After a year-long legal battle, A New York District Court judge yesterday ruled in favor of YouTube channel H3H3 Productions, who had been accused of copyright infringement, misrepresentation and defamation by another YouTuber whose comedy-slash-pick-up-artist video they parodied.

H3H3 Productions’ February, 2016 parody video poked fun at the video “Bold Guy vs Parkour Girl” and garnered over ten million views before a takedown request wiped it off YouTube. YouTuber Matt Hoss alleged that the Kleins’ critical commentary of his video reproduced too much of the original video, a fact Ethan Klein said masked the fact that “he doesn’t like that we made fun of him and so he’s suing us.” The judge’s final opinion was that there is “no doubt” that YouTubers Ethan and Hila Klein’s reaction video constituted “critical commentary,” which is legal under the Fair Use Act.

The Kleins’ attorney brutally duel-dunked on Hoss’s initial civil complaint and his video about picking up girls using parkour: “Plaintiff must realize he cannot treat well-settled law and undisputed facts like the women in his videos; they will not change simply because Plaintiff is persistent and impervious to their hostility.”

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In a video yesterday, a Ethan and Hila Klein expressed their relief that the pricey legal battle was over. They had allegedly spent over $50,000 in the first month of the lawsuit and later raised $170,000 for legal fees with a GoFundMe. Ethan Klein said, “I’m elated. I’m relieved. I’m stoked. I’m happy we took this journey. I’m happy that the opportunity came to us to stand up and set this important precedent for fair use on YouTube. The word is out. Thanks to Matt, Fair Use is alive and well.”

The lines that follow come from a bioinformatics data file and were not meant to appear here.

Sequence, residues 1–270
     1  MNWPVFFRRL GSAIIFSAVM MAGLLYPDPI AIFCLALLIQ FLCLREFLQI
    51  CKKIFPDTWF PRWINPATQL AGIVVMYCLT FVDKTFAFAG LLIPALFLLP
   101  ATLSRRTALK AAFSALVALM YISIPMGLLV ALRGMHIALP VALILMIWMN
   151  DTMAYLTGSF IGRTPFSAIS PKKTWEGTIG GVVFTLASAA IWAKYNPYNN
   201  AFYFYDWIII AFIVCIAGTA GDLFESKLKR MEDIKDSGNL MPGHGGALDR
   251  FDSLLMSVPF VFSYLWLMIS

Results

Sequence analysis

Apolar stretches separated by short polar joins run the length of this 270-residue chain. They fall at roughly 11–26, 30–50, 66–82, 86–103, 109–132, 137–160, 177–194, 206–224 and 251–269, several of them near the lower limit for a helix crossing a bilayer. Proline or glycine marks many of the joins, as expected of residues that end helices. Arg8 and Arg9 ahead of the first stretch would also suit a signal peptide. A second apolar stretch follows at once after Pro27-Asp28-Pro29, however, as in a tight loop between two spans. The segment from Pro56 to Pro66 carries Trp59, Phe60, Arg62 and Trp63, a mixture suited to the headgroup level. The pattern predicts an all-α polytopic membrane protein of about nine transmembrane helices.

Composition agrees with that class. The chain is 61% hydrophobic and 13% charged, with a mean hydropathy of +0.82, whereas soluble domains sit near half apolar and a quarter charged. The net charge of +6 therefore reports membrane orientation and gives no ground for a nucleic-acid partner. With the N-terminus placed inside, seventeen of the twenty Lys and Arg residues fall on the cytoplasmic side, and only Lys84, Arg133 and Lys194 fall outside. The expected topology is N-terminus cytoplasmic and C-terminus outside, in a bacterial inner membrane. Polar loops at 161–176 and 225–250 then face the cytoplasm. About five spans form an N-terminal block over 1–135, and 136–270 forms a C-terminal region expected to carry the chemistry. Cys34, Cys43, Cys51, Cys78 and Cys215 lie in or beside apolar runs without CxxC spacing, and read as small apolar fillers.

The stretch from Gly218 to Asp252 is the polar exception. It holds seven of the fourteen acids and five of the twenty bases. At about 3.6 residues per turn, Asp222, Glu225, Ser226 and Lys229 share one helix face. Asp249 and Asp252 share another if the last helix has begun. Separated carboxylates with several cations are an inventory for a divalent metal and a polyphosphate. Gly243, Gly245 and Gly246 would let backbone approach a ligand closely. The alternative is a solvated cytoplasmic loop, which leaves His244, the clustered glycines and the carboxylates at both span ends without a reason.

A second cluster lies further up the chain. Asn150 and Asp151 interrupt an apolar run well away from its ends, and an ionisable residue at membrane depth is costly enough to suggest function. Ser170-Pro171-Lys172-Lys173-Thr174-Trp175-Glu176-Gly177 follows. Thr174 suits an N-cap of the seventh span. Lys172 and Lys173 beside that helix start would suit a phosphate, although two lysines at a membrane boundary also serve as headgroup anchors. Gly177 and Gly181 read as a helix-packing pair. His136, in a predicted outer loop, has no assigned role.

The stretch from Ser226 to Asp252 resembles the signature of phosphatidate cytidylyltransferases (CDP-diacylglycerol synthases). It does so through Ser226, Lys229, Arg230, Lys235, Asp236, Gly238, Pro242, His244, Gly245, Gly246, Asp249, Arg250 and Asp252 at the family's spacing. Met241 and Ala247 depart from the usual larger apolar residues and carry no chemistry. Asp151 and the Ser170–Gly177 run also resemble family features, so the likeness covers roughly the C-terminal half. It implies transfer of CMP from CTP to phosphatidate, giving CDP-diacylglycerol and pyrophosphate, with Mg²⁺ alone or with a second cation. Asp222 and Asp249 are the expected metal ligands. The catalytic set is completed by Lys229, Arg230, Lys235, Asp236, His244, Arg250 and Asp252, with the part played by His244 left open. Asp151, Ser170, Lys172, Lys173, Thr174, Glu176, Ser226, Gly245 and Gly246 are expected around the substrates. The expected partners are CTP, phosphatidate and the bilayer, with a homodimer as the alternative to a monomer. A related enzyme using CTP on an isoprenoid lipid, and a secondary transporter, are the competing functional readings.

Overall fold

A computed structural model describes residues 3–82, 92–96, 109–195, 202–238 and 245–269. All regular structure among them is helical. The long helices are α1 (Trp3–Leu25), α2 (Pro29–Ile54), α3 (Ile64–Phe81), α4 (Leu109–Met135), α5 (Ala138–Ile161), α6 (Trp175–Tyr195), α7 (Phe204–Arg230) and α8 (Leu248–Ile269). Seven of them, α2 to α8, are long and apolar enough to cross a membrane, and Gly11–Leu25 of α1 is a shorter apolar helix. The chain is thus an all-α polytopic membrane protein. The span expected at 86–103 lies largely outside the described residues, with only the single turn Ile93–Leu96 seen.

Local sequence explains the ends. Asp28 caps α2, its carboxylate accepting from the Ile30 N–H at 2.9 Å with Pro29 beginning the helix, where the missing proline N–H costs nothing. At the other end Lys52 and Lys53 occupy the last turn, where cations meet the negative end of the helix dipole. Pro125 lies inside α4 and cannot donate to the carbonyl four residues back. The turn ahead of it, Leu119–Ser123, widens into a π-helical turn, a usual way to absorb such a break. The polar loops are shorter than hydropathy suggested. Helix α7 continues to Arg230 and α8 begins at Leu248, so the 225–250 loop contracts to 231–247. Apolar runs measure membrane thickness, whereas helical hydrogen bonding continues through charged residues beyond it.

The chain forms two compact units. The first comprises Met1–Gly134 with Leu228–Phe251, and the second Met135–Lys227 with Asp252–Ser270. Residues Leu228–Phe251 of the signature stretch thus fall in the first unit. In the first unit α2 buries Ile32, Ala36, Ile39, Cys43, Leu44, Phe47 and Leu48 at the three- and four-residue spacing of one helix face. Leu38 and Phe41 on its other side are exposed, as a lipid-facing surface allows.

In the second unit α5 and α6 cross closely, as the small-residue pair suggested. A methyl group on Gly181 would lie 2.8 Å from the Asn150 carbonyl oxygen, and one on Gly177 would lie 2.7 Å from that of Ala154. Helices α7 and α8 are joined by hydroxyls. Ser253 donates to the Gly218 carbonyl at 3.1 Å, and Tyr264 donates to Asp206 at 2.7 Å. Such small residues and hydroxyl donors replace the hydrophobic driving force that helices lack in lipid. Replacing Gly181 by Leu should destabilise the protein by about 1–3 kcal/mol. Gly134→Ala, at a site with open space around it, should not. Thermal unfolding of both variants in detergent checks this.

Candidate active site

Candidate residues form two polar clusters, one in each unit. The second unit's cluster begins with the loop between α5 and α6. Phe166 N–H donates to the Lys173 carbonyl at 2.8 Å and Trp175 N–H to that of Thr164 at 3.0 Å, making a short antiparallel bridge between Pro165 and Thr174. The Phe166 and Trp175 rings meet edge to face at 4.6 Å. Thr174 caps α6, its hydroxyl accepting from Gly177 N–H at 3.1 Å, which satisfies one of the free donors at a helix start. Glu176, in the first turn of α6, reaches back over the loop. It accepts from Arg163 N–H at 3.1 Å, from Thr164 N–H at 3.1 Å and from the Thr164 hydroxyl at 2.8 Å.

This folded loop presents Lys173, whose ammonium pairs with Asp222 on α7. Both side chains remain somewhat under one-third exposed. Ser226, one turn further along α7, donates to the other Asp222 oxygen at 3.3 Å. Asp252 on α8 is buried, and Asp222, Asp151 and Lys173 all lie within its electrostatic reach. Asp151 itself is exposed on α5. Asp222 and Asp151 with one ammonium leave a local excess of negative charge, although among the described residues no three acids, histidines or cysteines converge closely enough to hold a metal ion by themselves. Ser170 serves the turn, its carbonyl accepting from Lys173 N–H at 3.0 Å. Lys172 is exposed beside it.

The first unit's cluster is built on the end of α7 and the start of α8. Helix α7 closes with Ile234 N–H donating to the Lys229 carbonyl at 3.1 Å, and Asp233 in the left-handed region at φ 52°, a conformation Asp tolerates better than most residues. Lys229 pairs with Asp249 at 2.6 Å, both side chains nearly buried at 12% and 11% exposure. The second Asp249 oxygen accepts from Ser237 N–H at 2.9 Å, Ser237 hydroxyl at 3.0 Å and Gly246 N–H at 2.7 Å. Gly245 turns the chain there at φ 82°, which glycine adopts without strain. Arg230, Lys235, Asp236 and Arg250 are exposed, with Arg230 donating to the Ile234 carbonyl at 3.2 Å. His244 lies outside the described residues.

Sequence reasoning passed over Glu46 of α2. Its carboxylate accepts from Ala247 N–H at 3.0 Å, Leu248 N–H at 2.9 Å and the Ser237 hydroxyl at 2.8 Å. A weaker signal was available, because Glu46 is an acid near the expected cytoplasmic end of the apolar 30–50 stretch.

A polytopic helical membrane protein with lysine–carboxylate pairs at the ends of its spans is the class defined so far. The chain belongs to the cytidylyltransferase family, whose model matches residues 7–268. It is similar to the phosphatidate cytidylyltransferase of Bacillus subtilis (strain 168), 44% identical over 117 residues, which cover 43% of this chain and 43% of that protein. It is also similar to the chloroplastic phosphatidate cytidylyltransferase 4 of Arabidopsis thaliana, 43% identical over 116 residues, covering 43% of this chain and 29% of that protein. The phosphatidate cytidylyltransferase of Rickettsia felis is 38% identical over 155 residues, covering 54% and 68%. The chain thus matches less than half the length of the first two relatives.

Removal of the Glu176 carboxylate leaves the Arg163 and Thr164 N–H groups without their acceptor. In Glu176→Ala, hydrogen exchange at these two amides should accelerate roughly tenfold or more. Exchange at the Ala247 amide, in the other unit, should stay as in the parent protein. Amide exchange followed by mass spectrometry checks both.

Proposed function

He added that it was obvious from the start that their reaction video constituted Fair Use: “Dude, this is America. Everyone’s a critic!”.

[Update—11:00 a.m.]: A previous headline for this story used language implying that Ethan and Hila Klein filed the lawsuit, which was not what we meant to imply. The headline has been updated. Also, a previous version improperly attributed a quote to a judge when it was in fact an attorney’s statement. We regret the error.